And the GOP's best alternative shows that simplicity is a virtue.12:18 PM, May 29, 2015 • By BRIAN BLAKE
In their review of House Budget Committee chairman Tom Price’s newly released Obamacare alternative, Bloomberg’s editors strain to make a virtue out of Obamacare’s maddening complexity. Whereas no one knows until tax time the following year what, if anything, they will be getting in subsidies under Obamacare, Price’s alternative offers tax credits in three simple amounts. It also lets Americans quickly see what they will be getting immediately, and does not compel them to buy health insurance against their will. Bloomberg’s editors object to such refreshing simplicity, writing, “The reason Obamacare subsidies are complicated is so people can get affordable coverage, whatever their age, at the lowest government cost. Because premiums vary enormously — by age, type of coverage and geography — that necessarily entails something more complex and flexible than three numbers set by Congress.”
These “three numbers” refer to the value of Price’s non-income-tested, refundable tax credits for those who purchase health insurance on the private market. Those aged 18 to 34 years old would receive a tax credit worth $1,200; those 35 to 49 years old would receive $2,100; and those 50 to 64 would receive $3,000. Parents, meanwhile, would get a $900 tax credit for each child.These tax credits would bring more equality to the tax code without upsetting the health care of the 169 million Americans who receive employer-based coverage.
Here’s a specific example of how Price’s plan would work: A 34-year-old single woman making $50,000 a year is paying a 25% marginal tax rate (assuming she does not itemize). With an employer-provided health-care plan valued at $5,000, she therefore gets an income-tax break of $1250. Under Obamacare, if she buys a $5,000 plan on the private market, she gets nothing—no tax break and no subsidy since she is too young and too wealthy under Obamacare’s byzantine formula. But under the Price proposal, she would receive a $1200 tax cut in the form of a tax credit to buy the insurance of her choice, bringing her into near-tax-parity with a similar person getting employer-based coverage.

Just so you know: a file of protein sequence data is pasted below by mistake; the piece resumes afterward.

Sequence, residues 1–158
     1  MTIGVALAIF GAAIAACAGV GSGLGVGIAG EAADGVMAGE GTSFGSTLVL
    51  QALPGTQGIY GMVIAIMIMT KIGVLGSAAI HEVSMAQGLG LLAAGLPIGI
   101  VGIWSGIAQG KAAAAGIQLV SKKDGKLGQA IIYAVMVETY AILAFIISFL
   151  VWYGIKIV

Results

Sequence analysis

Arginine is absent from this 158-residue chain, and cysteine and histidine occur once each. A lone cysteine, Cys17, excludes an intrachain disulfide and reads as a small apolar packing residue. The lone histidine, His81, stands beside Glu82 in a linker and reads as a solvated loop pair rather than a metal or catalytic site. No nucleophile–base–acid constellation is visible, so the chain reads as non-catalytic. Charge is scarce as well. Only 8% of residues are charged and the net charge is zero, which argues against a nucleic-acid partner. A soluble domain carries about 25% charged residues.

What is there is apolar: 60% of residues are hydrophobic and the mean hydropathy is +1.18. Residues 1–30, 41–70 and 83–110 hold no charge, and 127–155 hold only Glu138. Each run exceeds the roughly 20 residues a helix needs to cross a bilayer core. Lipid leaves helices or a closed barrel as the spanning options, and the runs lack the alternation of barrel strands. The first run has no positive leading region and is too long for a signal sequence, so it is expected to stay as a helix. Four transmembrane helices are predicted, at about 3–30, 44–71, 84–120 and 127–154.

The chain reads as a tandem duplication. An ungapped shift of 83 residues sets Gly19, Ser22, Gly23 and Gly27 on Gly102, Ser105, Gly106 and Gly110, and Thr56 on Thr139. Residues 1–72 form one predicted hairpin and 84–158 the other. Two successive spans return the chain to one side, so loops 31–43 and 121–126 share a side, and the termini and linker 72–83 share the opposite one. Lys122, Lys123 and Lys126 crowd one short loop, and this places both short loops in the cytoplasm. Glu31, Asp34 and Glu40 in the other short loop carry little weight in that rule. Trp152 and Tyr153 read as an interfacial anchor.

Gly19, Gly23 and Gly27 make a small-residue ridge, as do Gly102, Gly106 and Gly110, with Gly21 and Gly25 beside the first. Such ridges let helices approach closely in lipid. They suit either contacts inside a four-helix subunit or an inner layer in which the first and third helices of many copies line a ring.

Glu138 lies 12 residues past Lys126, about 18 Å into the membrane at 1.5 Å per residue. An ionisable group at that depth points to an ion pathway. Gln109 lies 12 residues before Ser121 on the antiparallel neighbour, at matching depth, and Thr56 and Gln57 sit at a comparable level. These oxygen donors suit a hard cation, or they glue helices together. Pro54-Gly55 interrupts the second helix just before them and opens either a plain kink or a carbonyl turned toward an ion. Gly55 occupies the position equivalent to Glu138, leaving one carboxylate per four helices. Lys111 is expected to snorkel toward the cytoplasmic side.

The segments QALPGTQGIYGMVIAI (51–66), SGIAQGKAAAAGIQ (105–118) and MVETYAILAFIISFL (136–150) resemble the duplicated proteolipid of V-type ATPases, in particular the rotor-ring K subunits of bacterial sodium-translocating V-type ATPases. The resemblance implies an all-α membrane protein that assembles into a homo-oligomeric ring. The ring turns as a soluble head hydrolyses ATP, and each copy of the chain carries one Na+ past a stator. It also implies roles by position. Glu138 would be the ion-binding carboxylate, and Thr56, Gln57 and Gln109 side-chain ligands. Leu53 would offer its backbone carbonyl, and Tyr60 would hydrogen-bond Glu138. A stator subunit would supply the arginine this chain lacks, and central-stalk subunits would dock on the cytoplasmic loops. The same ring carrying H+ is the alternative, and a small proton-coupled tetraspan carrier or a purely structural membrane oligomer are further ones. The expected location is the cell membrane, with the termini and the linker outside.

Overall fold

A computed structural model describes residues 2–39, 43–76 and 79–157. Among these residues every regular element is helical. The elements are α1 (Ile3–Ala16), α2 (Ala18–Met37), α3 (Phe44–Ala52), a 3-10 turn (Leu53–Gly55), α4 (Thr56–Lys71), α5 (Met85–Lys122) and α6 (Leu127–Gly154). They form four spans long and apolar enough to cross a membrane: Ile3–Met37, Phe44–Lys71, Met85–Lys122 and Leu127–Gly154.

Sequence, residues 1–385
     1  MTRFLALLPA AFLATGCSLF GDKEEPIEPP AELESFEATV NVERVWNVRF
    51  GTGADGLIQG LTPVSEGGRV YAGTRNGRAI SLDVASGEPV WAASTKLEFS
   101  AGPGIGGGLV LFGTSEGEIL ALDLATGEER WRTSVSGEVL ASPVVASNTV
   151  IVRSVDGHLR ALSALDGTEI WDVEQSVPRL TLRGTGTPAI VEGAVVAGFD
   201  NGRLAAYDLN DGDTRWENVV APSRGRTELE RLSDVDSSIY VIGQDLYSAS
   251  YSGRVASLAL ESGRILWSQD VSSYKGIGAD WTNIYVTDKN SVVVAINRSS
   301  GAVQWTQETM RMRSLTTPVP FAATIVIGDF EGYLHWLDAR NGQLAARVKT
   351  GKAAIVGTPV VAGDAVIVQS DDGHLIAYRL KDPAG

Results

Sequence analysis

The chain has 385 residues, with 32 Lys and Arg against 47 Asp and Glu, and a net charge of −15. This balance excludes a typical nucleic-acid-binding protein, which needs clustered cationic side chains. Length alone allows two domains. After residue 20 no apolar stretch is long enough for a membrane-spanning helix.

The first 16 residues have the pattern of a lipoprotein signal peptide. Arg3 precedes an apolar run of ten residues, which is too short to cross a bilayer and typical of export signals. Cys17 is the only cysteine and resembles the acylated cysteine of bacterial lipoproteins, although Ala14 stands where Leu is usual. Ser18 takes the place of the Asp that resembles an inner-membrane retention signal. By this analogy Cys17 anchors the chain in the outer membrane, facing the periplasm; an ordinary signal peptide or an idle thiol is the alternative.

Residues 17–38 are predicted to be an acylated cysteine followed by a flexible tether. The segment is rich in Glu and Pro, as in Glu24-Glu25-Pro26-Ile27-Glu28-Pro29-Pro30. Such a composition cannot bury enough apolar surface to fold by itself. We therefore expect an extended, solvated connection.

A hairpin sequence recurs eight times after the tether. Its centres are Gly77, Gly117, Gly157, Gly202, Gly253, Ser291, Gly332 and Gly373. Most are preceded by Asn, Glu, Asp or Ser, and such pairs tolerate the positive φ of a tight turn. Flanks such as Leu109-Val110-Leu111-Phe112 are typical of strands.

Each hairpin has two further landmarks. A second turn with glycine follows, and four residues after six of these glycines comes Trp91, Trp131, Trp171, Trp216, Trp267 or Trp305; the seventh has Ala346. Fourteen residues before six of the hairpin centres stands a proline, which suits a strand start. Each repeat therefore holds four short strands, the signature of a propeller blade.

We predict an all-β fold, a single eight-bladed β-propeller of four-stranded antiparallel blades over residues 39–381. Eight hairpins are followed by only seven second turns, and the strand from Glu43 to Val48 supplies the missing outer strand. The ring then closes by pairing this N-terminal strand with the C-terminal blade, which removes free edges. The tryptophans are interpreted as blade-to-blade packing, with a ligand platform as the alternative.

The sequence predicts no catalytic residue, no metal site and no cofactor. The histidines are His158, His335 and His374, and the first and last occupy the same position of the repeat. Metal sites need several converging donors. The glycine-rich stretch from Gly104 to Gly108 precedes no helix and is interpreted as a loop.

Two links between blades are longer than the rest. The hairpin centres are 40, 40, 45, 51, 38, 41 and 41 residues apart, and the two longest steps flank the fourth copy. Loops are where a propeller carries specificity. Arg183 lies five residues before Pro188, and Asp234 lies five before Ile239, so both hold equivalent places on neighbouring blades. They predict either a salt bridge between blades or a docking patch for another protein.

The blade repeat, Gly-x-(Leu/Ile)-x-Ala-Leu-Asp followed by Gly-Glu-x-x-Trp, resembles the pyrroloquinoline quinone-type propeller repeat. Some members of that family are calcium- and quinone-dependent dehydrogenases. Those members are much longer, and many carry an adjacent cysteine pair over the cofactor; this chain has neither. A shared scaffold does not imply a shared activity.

Contrary to Bloomberg’s argument, the Price bill’s simplicity is not a flaw; it’s a feature. To illustrate how well Obamacare’s maddening complexity works, let us take the case of a couple, each partner aged 52 years old, living in Milwaukee and making $62,900 a year. Under Obamacare, this couple receives $6,200 a year in subsidies that go directly to their health insurer to help pay for their coverage. It is money they never actually see, but whether they know it or not, they could be on the hook for it. Because Obamacare’s formula has income cliffs built in that create huge disincentives to work, this couple will lose all of their $6,200 in Obamacare subsidies if their income increases $100 to $63,000 a year. Think of the predicament facing that couple when they realize they need to stop working in the final weeks of December to make sure they do not have to pay the government back $6,200 come tax time. And if they don’t realize it (as Bloomberg admits was the case for two thirds of Americans receiving subsidies last year, citing an H&R Block report) they will have even more complicated decisions to make on April 15th as they try to figure out how to pay back the $6,200 they just learned that they owe Uncle Sam, courtesy of Obamacare.
Under the simplicity of the Price legislation, which already has 67 House cosponsors, the same couple would receive $6,000 in tax credits without the year-end fear of stepping out of their government-created income box. Unlike under Obamacare, they could use their $6,000 tax credit on health coverage tailored to their specific health needs, rather than having to buy Obamacare’s mandated coverage of items irrelevant to these 52-year-olds’ lives, like pediatric dental care and prenatal care. Obamacare’s approach to health care is akin to this childless couple going into a car dealership and being told they have to buy a fully loaded luxury SUV with preinstalled car seats and Frozen playing on a loop on the backseat entertainment system. Price’s approach would let them pick the car they really want. And if they bought insurance for less than $6,000, they could put their savings in a health savings account, which they could not do under Obamacare.
10:05 PM, May 13, 2015 • By WILLIAM KRISTOL
Assuming a Republican wins the presidency in 2016, his top domestic priority will be—and should be—to repeal and replace Obamacare.
12:01 PM, Feb 2, 2015 • By MICHAEL WARREN
The White House has submitted its latest budget proposal to Congress, and the Republican chairs of the budget committees in both the Senate and the House are criticizing the plan for increasing spending and raising taxes. In a joint statement House budget chair Tom Price of Georgia and Senate budget chair Mike Enzi of Wyoming blasted President Obama's proposal: